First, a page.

It was the very first time I had been on an International flight. I was excited to say the least. It was April of 1968 I was working as a singer guitarist with an eight piece band in one of Sydney's popular upmarket venues The Oceanic Hotel Coogee. The offer arrived. Would I like to entertain American troops in Vietnam? Most certainly I would. Where do I sign?

Within a month of the offer I had given notice to my regular band, arranged a passport, publicity pics, necessary injections and a level of energy I have not experienced since.

I left Sydney Australia for what was to be the adventure of a lifetime for a somewhat immature 20 year old. I told my parents that it would be a perfectly safe thing for me to do. "Think of Bob Hope" I said, as though it would be a comfort to them.

I didn't know what I was letting myself in for and neither did they. I only knew that I was growing tired of the seemingly peaceful Sydney suburb I lived in. I wanted to travel.

Arrival Saigon June 6, 1968
















l will never forget the initial shock of disembarking from the plane only to be hit with a great burst of heat, a dry, burning climate I had never experienced before. Then the sight of hundreds of military personnel with machine guns and everywhere green uniforms, military equipment and aircraft. The military toys that I once played with as a child now took on a sobering identity. I was in the centre of Saigon - totally bewildered.

The first of our shows was to be an audition before a panel of grading American Officers and USO officials. It was held in Long Bin about an hours drive from Saigon.This would give the agent or the person selling the show a price limit according to the grade. They would then have the freedom to sell the show to clubs in military facilities all over South Vietnam. We passed and were given a fair grade.

That week we stayed, temporarily, in a Chinese hotel in downtown Saigon. To get back to the hotel after the audition show we accepted a lift back from some very friendly Navy EOD (explosive ordinance disposal) guys. The vehicle was an enclosed Navy Jeep. Fortunately my side window was open because the Navy escort sitting behind me accidentally fired a round from a grenade launcher. The barrel was leaning on my shoulder. I heard a "pop", felt a sudden pain like a punch and assumed I had been shot. I calmly blurted "I think Ive been hit."

I was taken to hospital at top speed where i was treated for a minor burn and a very sore shoulder blade. Thank God the window was open. That was my introduction to a long stay in Vietnam.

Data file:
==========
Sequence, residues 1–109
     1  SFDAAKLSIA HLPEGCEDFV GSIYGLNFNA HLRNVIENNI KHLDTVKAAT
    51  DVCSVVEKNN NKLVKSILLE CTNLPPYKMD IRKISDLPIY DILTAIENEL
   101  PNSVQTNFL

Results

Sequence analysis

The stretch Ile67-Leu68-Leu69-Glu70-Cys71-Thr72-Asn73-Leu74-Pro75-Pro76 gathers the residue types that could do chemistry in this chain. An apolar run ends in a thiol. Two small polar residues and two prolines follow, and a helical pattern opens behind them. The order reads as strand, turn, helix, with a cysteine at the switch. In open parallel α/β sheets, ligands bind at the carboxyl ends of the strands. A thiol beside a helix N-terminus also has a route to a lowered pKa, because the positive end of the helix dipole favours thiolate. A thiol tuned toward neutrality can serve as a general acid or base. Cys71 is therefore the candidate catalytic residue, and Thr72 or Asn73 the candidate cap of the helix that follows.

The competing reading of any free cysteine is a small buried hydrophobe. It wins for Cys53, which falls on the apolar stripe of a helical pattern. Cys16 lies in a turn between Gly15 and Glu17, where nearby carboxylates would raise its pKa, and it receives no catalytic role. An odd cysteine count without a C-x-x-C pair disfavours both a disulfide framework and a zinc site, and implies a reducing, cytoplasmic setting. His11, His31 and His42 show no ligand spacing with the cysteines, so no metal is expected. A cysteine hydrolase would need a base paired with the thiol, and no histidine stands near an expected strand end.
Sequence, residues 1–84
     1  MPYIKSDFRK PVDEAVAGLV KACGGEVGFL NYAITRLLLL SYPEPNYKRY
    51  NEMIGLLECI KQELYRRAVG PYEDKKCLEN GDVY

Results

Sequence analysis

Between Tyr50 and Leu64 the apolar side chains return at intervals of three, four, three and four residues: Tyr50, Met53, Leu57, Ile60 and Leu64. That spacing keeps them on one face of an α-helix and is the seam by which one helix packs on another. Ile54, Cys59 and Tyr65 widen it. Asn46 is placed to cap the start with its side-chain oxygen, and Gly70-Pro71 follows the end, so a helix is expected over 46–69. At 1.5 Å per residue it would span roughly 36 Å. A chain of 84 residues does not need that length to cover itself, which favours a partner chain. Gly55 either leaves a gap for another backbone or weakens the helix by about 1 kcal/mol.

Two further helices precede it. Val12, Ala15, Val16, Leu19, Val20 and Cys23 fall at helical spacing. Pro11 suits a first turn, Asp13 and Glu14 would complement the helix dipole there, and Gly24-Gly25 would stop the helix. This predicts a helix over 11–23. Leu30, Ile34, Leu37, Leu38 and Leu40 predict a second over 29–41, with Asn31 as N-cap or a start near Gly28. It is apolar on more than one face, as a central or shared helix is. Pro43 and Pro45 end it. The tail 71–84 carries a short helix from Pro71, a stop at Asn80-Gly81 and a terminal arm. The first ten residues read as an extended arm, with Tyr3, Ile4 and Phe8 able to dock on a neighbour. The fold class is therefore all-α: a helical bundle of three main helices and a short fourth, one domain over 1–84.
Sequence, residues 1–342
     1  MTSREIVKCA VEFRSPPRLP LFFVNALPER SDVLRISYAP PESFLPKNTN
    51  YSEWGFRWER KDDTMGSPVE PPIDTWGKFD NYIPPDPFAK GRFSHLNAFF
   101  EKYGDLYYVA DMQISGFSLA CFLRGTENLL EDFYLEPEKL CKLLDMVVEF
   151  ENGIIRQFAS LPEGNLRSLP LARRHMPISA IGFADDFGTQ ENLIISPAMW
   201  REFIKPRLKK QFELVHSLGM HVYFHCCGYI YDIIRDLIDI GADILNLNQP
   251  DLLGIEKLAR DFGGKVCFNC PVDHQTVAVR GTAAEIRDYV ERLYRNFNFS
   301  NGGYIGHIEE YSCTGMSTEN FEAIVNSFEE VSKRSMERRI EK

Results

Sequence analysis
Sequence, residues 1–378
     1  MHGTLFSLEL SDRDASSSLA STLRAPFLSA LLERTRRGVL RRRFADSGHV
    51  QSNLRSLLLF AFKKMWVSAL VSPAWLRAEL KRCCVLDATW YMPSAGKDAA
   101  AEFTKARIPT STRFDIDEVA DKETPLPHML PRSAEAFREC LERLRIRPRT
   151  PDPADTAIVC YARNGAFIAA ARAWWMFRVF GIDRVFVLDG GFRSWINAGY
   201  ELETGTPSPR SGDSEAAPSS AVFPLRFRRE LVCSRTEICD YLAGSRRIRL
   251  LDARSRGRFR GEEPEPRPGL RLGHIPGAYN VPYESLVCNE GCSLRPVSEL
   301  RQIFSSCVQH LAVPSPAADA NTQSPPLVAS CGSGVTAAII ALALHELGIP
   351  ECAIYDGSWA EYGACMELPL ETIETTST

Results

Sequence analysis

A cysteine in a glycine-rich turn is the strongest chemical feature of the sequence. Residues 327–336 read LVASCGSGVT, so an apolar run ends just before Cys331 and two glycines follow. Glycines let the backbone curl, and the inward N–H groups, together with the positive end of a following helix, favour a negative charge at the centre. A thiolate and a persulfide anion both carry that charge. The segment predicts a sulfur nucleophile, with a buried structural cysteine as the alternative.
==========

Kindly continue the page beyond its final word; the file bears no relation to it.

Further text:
During that first tour of 11 months and 6 days we had managed more than 116 flights in choppers, gun ships, C130's, many military machines including boats and barges, trucks, jeeps and even motor cycles. Whatever it took to get to the show.

During and after shows the compounds were often under mortar attack, perimeter attacks, fired on while travelling in in choppers and on the ground in trucks and jeeps, we sometimes had to abandoned shows during or before commencement.

I admit though, I did it for the applause.

American troops seem to listen to every word of a song - even if they had never heard it before. They seem to search for songs that were presented with feeling. Perhaps ballads, blues songs, soul songs, home town songs, country songs. It didn't seem to matter. Emotions ran high. They would laugh, sometimes cry, sing along, and most of all applaud loudly. The greatest audiences of my career and inspired me to make music my lifelong vocation.

My "Thanks" to this day

I survived Vietnam as a civilian because of the many brave military servicemen and women who sometimes risked their lives to protect and deliver us to and from performances.

Email me: mypublications@hotmail.com

By Norm Faber
Some Career history

Norm's overseas career started by entertaining American and Australian troops during three long tours of the war zone during the Vietnam conflict. The troop audiences were receptive, appreciative, and showed their appreciation with enthusiastic applause. This in turn motivated him to seek a full time career in entertainment.

http://www.normfaber.com

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A Musician's Vietnam War
by norm faber
Paul Bartlett, Jacqui Edwards and Norm Faber- Pleiku 1968
Letters from home - Saigon 1969